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From Health Law Daily, November 17, 2014

HHS modifies child support enforcement rules in Proposed rule

By Michelle Oxman, JD

CMS and the Administration for Children and Families have released a Proposed rule that would clarify the responsibilities of states concerning their administration of their child support enforcement (CSE) programs and make changes to the requirements for medical child support. Among other changes, the Proposed rule would eliminate the bar to consideration of coverage through Medicaid or the Children’s Health Insurance Program (CHIP) as an acceptable means to cover a child who is the subject of a support order (Proposed rule, 79 FR 68548, November 17, 2014).

Medicaid-related issues. Federal regulations have prohibited consideration of children’s eligibility for Medicaid or CHIP when ordering parents to provide health coverage for them. Because many parents whose children are eligible for Medicaid or CHIP have no access to employer-sponsored health insurance, regardless of the cost, the agency would change its policy to allow the use of public or private coverage rather than insisting on private coverage.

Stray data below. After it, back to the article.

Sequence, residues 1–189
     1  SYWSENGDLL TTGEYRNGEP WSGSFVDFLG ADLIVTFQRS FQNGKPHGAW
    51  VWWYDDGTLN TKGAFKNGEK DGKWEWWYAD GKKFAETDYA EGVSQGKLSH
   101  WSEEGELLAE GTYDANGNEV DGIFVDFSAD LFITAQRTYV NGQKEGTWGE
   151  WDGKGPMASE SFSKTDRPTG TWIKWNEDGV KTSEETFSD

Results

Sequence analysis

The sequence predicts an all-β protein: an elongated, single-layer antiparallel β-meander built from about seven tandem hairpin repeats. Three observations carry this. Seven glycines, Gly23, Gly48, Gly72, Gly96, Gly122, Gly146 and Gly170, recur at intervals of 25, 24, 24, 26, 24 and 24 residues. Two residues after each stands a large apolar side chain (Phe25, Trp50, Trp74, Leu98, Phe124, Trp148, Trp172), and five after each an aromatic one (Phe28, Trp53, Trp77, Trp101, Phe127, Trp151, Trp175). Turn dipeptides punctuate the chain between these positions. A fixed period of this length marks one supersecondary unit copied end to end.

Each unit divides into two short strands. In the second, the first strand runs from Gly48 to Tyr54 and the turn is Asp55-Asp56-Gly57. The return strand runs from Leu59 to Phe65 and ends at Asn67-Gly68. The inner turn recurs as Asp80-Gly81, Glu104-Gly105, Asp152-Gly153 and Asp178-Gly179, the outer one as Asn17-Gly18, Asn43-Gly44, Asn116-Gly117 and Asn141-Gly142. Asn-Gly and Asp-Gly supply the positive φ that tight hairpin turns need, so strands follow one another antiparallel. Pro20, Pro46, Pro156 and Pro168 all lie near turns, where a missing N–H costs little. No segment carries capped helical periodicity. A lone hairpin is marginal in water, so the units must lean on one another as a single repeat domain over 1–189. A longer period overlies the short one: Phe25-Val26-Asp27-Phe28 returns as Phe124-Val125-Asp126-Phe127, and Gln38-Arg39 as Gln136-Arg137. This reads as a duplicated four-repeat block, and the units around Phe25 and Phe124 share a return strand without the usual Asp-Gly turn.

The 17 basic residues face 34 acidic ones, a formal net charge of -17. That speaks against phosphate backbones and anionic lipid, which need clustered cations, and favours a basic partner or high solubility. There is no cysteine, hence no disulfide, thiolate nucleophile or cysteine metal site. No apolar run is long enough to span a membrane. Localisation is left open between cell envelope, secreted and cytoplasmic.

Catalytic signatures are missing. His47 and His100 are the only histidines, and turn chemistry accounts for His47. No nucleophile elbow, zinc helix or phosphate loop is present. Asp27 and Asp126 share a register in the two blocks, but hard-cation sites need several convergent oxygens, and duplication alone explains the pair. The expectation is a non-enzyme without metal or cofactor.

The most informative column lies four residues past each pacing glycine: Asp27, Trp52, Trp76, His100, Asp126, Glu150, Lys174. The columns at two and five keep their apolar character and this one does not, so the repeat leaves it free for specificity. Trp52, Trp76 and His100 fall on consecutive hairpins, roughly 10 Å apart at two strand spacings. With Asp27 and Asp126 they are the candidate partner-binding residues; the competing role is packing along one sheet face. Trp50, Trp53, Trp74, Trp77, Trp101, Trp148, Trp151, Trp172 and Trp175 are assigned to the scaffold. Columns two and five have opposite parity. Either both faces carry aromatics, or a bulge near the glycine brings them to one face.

CSE programs are required to recover support from noncustodial parents when children receive Medicaid or CHIP. The proposed rule would give CSE programs greater discretion to choose not to pursue cases where there is little or no likelihood of recovery from the noncustodial parent. The regulations would direct agencies to consider the subsistence needs of the noncustodial parent and discourage the imputing of income, especially when the noncustodial parent is incarcerated for more than 90 days. In addition, CSE will no longer pursue Medicaid-only support cases when the health care services have been furnished by or under contract with the Indian Health Service (IHS). This change would eliminate an inequity in that only parents whose children received Medicaid have been required to repay the cost of services received through IHS.

MainStory: TopStory MedicaidPaymentNews CMSNews

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